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Why It Took 15 Years to Be Diagnosed With Endometriosis

Editor's Note

If you’ve experienced sexual abuse or assault, the following post could be potentially triggering. You can contact The National Sexual Assault Telephone Hotline at 1-800-656-4673.

Dysmenorrhea.
Menorrhagia.
Anemia.
Ovarian cysts.
Transformed migraine.
IBS.
Cystic breasts.
Tilted uterus.
Kidney cysts.
Endometriosis.

[Note: This is my story for March/Endometriosis Awareness Month, and forewarning it is unpleasant and may be triggering.]

This list is the order of diagnoses starting with the beginning of my symptomatology at age 14. There are 15 years between the first and the last.
My anxiety at being able to bleed through two pads, plus two to three layers of clothing in just under an hour when my period started, was treated as an annoyance. My mother complained at the cost of pads I went through, but simultaneously insisted I was fine. After a few months of passing out, I finally convinced her to take me to the doctor. Despite having bleeding heavy enough to cause my hemoglobin to drop to a six, doctors at the time assured me this was simply the experience of “being a woman.” I went home with an agitated parent and a bottle of giant iron pills.

The iron did little to help, probably in part due to the nausea it caused, and the doctor took the next step to control my endless bleeding (by endless, I mean sometimes it went for a month or more without a single “light” day). They put me on the daily birth control pill. The headaches were brutal and the cramps stayed extreme, but at least with the pill I could get my period down to 7-10 days of bleeding instead of 30 or more. Still, the stabbing pains even when not on my period were exhausting.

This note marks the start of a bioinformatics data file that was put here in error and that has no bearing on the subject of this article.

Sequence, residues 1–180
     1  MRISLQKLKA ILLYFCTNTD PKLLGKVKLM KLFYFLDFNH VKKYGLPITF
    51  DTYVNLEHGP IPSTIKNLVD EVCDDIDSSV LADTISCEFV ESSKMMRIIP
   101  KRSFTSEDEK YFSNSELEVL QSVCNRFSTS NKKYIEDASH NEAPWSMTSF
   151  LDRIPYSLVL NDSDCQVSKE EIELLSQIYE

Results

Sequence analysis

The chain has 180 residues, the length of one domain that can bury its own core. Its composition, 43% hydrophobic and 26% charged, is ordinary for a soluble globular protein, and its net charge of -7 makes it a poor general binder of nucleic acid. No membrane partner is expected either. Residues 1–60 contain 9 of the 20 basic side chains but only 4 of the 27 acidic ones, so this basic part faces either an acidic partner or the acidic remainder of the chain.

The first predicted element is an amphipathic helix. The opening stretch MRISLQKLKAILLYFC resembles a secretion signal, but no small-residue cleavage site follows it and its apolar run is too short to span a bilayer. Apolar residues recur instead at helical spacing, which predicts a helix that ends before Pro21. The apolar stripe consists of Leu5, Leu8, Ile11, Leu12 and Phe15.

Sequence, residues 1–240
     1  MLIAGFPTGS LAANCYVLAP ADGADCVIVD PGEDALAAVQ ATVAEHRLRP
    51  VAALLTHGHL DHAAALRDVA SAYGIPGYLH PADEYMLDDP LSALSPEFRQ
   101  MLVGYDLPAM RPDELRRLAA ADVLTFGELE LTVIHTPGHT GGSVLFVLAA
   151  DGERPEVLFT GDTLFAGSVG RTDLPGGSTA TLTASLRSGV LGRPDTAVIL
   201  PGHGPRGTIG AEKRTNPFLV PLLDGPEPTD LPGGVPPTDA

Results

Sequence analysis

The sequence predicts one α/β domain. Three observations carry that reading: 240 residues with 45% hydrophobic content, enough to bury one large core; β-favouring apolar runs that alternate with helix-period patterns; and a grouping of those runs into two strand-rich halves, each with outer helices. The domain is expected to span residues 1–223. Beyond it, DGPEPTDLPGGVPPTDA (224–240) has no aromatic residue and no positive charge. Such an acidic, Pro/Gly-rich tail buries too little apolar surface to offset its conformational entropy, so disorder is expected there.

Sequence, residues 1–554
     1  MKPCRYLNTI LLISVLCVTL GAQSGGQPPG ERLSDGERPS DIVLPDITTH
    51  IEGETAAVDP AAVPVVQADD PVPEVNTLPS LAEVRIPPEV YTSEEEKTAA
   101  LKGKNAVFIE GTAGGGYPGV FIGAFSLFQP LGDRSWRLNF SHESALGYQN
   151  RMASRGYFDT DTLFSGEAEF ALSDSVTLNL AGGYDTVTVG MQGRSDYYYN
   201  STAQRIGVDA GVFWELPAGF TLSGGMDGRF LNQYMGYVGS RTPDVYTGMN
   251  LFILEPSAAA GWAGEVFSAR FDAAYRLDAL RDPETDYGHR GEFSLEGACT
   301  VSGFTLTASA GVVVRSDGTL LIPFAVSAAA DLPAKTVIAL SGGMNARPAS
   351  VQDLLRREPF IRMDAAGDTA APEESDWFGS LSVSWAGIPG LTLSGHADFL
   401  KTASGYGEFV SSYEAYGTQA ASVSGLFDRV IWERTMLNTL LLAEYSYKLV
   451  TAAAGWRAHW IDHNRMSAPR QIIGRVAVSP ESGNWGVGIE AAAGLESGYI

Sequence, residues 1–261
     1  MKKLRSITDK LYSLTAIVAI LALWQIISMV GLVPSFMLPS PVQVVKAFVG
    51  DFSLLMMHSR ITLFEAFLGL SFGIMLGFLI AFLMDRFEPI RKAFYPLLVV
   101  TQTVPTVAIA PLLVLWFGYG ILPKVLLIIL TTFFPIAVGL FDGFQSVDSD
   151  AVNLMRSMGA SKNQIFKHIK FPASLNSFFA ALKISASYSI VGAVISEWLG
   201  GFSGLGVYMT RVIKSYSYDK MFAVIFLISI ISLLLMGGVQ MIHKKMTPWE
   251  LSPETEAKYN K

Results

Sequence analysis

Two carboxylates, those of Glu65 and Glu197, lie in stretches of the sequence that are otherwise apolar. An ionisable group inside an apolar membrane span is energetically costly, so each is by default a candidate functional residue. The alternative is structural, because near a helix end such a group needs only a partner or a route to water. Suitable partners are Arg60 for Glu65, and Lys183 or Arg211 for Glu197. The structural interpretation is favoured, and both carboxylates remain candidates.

I experienced years of infection symptoms, UTI, yeast, kidney, whatever they decided the inflammation and white cell count being off was attributed to on that particular day. Nothing ever changed. They’d say it took time, but so far this had been a constant. In addition, starting with my very first check-up after they prescribed the birth control pill, they started to harass me about my sex life. They’d make my mother leave the room and insist I tell them “the truth.” This was the same doctor who decided it was the best way to stop the bleeding. I didn’t understand why they acted like they forgot. It didn’t matter what I said or reminded them, I was still treated like a liar. I was not sexually active, nor could I even insert a tampon because it hurt too much. This was made even worse by the fact that my military dependent medical status had on my file that I was a child sexual abuse survivor. They knew this, they knew I was prescribed the pill for uncontrollable bleeding, and yet they gaslit me constantly. I was being dramatic; the pain couldn’t be that bad; I just needed to stop thinking about it because everyone dealt with this.

At 19, in trade school one day, I got a call about my recent pelvic scan results. I had a 4-inch mass on my right ovary. I burst into tears and my classmate comforted me. Trying to get the scan had been an ordeal. Even though I was currently studying anatomy and physiology, the doctor had demanded “how do you know the pain is your right ovary?” and I had gestured at my thin frame. What else would it be? I could pinpoint the exact spot that hurt constantly, with a stab each time I took a step on that leg. Although she protested it was probably gas, a bad cramp, or just another infection, she ultimately scheduled the scan and dismissed me.

The first opening to get explorative surgery to remove and check the mass for cancer was about four weeks out. At 19, I got to consider that this might be cancer. I had just gotten married. I was doing well in my school program. It felt like too much. About a week before the surgery, I had an excruciating day where the pain was so intense I had to crouch down. If I tried to stretch to stand up, the pain was too much. A couple of days later, they did another scan to confirm the location of the mass prior to surgery. It was gone, but the fluid proof remained. And so they diagnosed me with ovarian cysts of undetermined origin. Better than cancer, definitely, but unpleasant to consider this would be a regular part of my monthly cycle.